Be aware of surface support for a proposal when the public has not given much thought to an issue. Lacking any independent knowledge, people try their best to answer by looking to the question for clues. Thus much will depend upon survey question wording: what language is used and whether it is even understandable, which concepts and values are highlighted, which players are associated with the proposal. In short, they're going on instinct. For example, in our survey 63 percent of Ohioans support a concept called weighted-school funding, described in the question as "a proposal to make the amount of money that Ohio spends on children's education differ according to each child's individual needs and special circumstances, and to have all of that money follow children to the schools they attend." It's a complicated thought and a new one for the vast majority of people to consider. The fact that most favor it means that people like what they heard in the question, and that there's initial support worth exploring--but not that the issue is resolved.
Carefully scrutinize polls that show the public abandoning a policy they previously supported. Once they commit to a policy, people just don't change their minds easily or capriciously and often have a lot more patience than leaders and elites. Instead, pay attention to trend data--i.e., survey questions that are repeats of previously asked questions. For example, the FDR/Fordham survey reveals that support for charter schools is stable (2007: 52 percent in favor; 2005: 51 percent in favor). When substantial shifts in opinion occur, it's typically in response to something real that's occurred in the world.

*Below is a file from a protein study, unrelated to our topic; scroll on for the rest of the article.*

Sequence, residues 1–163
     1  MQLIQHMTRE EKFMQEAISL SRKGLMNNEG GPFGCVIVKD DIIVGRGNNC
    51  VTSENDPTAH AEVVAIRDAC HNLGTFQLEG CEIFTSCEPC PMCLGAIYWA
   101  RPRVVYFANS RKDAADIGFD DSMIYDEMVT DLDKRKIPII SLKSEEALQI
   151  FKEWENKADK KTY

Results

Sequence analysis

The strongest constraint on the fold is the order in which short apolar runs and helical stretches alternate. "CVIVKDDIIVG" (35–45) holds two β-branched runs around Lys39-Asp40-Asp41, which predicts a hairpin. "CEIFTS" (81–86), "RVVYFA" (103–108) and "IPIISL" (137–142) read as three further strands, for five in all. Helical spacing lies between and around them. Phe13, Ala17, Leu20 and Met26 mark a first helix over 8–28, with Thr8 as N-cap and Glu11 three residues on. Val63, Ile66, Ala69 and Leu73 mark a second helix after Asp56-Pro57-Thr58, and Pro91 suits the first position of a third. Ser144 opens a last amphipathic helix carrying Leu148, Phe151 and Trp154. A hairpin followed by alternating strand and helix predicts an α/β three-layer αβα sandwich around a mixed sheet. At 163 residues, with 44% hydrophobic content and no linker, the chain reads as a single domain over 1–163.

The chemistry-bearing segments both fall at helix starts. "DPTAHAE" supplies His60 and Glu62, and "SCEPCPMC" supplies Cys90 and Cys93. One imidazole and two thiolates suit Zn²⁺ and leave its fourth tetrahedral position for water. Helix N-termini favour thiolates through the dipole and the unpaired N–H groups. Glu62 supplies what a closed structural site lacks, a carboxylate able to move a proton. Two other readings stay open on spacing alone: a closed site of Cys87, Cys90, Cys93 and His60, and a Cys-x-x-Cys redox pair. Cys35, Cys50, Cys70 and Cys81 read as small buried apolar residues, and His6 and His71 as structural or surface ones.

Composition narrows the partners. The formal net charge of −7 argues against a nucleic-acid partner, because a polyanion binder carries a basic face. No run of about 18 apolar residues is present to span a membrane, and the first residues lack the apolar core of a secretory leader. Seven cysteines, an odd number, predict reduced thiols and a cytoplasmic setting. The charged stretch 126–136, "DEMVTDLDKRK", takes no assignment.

Finally, be suspicious of surveys that give the public a chance to reach for simplistic solutions to funding dilemmas or a chance to reach for the proverbial "free lunch." Taxpayers will, of course, like proposals that offer to cap their property taxes, to exempt whole groups from levies, to take money from magical places like tobacco settlements. A survey may skip the part where the public has to wrestle with policy tradeoffs and costs; responsible elected officials will not be able to.
Many observers believe that the public is easy to manipulate. As it turns out, it's opinion polls that are easy to manipulate.
by Steve Farkas
Steve Farkas is the president of Farkas Duffett Research Group. Prior to co-founding the FDR Group, Steve was Research Director at Public Agenda, a nonprofit and nonpartisan think tank, from 1992 to 2004. Steve is the principal author of over 100 major opinion studies on a range of issues from public education, families, poverty and immigration, to social security, crime and foreign policy.